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Dad-To-Be? Here's Your To-Do List!

Dude! You're going to be a dad! Congratulations! Your mind is probably spinning with all of the stuff that you have to do before the baby gets here. We have some ideas to help you get things organized before baby's big arrival. Here's your dad-to-be to-do list!

17 Hit the Books

When you find out your partner is pregnant, you better hit the books or the Internet. Reading up on pregnancy can help you better understand what your partner is going through, and can prepare you for what's ahead. You should also read about the baby's growth and development. There are lots of books, websites, and even apps that explain and describe how your baby is growing and changing.

While you're downloading apps, you might also want to suggest to your wife that you should take weekly photos to watch her bump progress. She might not feel like it or might not want her picture taken but it will be something she'll enjoy looking back on later.

16 Take Care of Her

Whether it's morning sickness or just being tired, there might be times where your partner isn't feeling so hot. Do what you can to help her out. Find different morning sickness remedies for her to try. What are some things that can help knock off the nausea?

  • Make sure your partner stays hydrated.
  • Make sure she eats small meals throughout the day.
  • Keep some crackers or snacks by the bed so she can nibble as soon as she wakes up.
  • Suggest that she gets lots of rest.
  • Watch out for what smells and flavors set her off and then keep them away.
  • Be prepared: Morning sickness can strike at any time of the day. You might want to make sure there are some plastic grocery bags stashed in her purse and car for on-the-go emergencies. Keep bottled water and mints on hand, too!

15 Go to the Doctor

When possible, go to your partner's doctor appointments with her so that you can stay informed on her health and the health of the baby. It's always good to have two sets of ears to listen, and it's good to tag along in case you have questions of your own.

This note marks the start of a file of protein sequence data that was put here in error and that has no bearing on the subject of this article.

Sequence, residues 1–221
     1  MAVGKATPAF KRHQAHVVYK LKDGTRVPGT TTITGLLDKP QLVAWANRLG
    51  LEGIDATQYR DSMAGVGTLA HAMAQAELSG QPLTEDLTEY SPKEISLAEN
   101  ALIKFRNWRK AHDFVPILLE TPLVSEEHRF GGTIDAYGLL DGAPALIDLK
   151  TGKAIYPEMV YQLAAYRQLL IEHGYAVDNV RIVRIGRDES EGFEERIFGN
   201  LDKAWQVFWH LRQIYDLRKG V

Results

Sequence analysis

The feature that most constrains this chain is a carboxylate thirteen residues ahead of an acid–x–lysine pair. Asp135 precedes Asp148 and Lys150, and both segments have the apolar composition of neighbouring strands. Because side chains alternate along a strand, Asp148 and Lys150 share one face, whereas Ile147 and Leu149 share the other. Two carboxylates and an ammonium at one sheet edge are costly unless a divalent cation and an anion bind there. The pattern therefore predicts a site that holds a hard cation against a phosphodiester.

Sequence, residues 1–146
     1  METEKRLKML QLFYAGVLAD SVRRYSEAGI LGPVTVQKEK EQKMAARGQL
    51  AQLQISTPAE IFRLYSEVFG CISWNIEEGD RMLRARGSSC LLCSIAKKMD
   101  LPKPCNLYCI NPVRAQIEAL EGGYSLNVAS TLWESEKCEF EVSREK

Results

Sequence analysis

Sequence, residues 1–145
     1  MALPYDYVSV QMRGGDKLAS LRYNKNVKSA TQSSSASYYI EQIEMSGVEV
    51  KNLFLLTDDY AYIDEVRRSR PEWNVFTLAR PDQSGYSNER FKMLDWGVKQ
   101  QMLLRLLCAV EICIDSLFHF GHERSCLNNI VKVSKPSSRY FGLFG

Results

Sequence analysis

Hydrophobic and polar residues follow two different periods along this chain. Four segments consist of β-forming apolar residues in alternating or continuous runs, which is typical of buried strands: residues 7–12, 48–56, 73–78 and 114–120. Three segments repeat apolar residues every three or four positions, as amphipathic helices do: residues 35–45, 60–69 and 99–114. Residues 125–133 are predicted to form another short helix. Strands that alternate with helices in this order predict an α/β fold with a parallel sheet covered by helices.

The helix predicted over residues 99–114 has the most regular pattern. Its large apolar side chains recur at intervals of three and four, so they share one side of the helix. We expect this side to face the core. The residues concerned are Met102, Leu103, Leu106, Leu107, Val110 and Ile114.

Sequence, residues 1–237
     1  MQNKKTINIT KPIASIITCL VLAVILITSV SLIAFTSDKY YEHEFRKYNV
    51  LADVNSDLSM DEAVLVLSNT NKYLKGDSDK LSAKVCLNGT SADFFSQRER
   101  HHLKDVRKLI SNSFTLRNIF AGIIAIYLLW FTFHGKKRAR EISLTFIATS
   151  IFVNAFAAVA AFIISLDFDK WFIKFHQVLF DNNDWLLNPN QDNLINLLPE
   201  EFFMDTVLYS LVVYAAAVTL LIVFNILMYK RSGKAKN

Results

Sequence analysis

Don't miss out on the ultrasound! If you can be there, by all means, be there! There's nothing like seeing your baby together for the first time, even if he or she doesn't look like much of a baby yet.

It's also wise to make a doctor's appointment for yourself. Get checked out and make sure you are in the best of health. Make sure you are up to date on your vaccinations. Depending on your age or the age of your partner, you may also be advised to look into genetic testing.

14 Do Your Homework

Start looking into your insurance plans to determine if the baby will be listed under your insurance or your partner's. Ask your employer about paternity leave or taking time off when your baby is born. Figure out ahead of time what needs to be done to secure the baby's birth certificate and social security number. Look into pre-registering your partner at the hospital so it's all taken care of well before the baby arrives.

13 Prepare a Budget

You and your partner should sit down to figure out a budget that you both agree on. Figure out how much you're currently spending on the essentials, determine how much you can afford to spend on baby stuff, and start stashing money into your savings.

It's better to figure all of this out before the baby gets here because once the baby is born, you might not have the time or the energy to sit down and review your spending regularly.

12 Shop 'Til You Drop

It might not be your idea of a good time but your partner would probably appreciate it if you went shopping with her. You should definitely go and set up your baby registry together. It's a great way to see the massive amount of stuff that you are going to need (and all the stuff that you probably don't!) for when your baby gets here.